Videos from the Trail

Note: These videos are all available on Youtube in full screen

I presented this TedX talk during the time of the project. It will provide you with an overview in my own words. I was honoured to be asked to speak.

In the spring of 2012, before there were really any people in the Park to speak of, I decided to try and find Mowat Cemetery, the original gravesite of Tom Thomson, and some would say present gravesite. . I had never paddled Canoe Lake until that day. I spent at least 3 hours wandering the woods in search of the spot. At one point I had myself turned around and ended up a kilometre from where I thought I was. The day was getting late and I was starting to wonder if I would be spending the night in the bush. Not an exciting thought. But, I eventually came out to the shoreline, got my bearing and headed back towards my canoe. On the way back down the old roadway I saw a very faint track into the woods. No marker, no obvious trail, just a faint flattened area into the woods. We Canadian’s are so laid back and humble that we don’t even highlight the graveyard of our most esteemed artist. No tourist gadgets to buy, no snack food or flashing lights, just a faint trail into the woods. So, off I went and the trail led me right to the site. You will hear in my voice that it had been a long day and a very exciting moment for me. 

Mark Robinson was park ranger in Algonquin Park and a good friend of Tom Thomson.  Many of the stories we know of Thomson’s time in the Park are because of documentation Robinson recorded. His cabin was on Joe Lake. One lake north of Canoe Lake, near both the Canoe Lake train station as well as the Joe Lake train station. This video is of me locating the site. I always loved exploring the various sites from the Thomson story. Too much so the first year. I did too much exploring and not enough painting. I enjoyed every minute of it!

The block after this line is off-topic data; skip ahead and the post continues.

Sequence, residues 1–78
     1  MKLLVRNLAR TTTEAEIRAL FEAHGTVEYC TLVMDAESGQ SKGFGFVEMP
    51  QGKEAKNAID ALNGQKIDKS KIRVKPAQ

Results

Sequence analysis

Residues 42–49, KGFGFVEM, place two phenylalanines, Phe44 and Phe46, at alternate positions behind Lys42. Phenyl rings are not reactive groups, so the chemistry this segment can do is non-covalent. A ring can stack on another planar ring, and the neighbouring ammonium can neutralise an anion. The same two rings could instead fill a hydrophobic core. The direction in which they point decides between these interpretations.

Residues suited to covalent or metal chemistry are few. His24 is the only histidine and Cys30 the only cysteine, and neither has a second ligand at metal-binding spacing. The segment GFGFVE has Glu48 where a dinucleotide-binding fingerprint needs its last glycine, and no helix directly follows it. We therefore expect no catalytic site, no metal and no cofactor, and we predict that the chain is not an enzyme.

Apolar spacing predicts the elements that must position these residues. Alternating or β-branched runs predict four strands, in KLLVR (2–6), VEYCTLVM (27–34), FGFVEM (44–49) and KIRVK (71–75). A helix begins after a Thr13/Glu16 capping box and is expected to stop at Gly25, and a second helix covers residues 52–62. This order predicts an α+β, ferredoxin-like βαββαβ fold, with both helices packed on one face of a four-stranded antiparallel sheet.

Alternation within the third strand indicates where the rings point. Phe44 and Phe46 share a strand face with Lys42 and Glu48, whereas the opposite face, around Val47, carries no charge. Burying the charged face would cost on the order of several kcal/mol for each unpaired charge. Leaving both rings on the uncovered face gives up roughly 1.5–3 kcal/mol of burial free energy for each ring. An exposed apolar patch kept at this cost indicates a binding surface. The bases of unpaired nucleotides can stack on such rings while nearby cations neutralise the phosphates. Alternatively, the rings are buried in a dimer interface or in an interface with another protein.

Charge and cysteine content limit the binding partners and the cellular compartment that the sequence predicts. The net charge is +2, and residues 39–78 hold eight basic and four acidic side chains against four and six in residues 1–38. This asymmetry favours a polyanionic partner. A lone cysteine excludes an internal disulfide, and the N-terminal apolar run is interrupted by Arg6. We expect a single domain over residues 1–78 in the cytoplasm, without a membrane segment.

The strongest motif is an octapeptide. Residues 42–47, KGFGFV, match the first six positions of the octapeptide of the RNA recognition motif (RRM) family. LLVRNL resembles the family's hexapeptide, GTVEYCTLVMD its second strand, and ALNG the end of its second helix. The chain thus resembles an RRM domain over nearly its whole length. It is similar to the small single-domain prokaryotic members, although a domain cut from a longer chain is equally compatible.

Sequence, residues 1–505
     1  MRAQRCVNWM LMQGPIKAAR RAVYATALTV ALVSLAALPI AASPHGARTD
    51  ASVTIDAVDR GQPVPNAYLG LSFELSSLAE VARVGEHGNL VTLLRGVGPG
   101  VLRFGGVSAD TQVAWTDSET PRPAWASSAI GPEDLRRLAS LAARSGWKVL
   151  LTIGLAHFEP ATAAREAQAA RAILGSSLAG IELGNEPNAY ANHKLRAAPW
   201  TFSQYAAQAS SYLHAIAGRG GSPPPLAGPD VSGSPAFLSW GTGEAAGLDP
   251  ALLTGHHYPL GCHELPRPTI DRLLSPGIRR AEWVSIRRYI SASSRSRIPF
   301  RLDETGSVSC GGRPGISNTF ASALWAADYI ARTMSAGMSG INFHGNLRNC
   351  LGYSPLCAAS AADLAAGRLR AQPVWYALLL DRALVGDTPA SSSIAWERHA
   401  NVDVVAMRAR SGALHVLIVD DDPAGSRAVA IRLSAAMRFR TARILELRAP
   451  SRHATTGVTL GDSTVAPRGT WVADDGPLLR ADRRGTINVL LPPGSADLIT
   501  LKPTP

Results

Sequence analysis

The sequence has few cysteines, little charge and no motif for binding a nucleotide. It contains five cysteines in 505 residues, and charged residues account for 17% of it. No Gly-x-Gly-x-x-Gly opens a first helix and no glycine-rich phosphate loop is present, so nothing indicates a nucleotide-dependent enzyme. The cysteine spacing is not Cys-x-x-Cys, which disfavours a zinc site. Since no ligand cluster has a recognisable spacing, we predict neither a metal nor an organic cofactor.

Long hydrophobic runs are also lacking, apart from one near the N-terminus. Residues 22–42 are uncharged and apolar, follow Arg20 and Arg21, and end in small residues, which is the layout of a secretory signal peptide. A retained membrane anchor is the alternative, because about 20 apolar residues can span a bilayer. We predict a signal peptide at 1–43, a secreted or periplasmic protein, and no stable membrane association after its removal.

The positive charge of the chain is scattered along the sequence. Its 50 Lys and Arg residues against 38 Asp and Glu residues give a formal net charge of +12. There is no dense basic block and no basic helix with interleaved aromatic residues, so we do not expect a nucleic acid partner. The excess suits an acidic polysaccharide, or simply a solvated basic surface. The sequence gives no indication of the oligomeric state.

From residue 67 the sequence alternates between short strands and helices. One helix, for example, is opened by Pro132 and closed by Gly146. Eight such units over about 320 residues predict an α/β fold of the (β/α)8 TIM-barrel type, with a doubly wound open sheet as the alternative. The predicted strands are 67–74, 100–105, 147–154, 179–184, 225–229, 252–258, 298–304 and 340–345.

Canoeing in Algonquin Park in March is almost unheard of. Mainly because the lakes are normall frozen solid still, but also because it isn’t the most intelligent thing to do! I think I apologized to my Mom in the video, which depicts me canoeing through a thin crust of ice that was still on the water. 

This spot is called Brigham Shute. I’m not great with name so I called it Brigham Falls. I did a study in this spot and later a studio painting. I kept my name because when I painted it that was what I thought it was called. Someone down the road can change the title, but in my lifetime it will be known as Brigham Falls. A few people have already corrected me. Maybe a little stubborn? Lol. 

I was canoeing along the Barren Canyon on the last painting trip of the project. I could hear this rushing water as I was carrying my canoe acrosss a portage. So, I went to snoop and as you will see when you look at my studio paintings, I ended up setting up and painting on this site. What a wonderful time standing and painting while listening to the rushing water!

I often recorded me painting using my GoPro camera. This is one of the only uninterupted filming from the start to finish of a painting. Might not be an ideal example since the camera moves around and you often can’t see the subject, but it will give you a sense of my experiences painting in the field. The weather was nice though. I will have to find one painted on a stormy day to post. There are lots! 

Moose and Algonquin Park go hand in hand for me. I’ve been lucky to see so many of them. This one we saw on Lake Tanamakoon on my way into Camp Tanamakoon to teach art. You take a boat in through a couple lakes and a channel. This time I was being chauffeur driven. We were lucky enough to spot this beautiful bull moose. What a great scene. I’ve been thinking about painting him for several years. I finally am. I am just finishing up a painting now that show him with a fuller rack and a cow moose off to the side. Typical of how I combine wildlife reference. Cehck out my North American wildlife page. If it is posted, I’ve finished it.

Who doesn’t love the call of a loon. This is just a short clip, but it is something I spent so many evenings alone at my campsite listening too. Also in my tent at night. Always takes me back..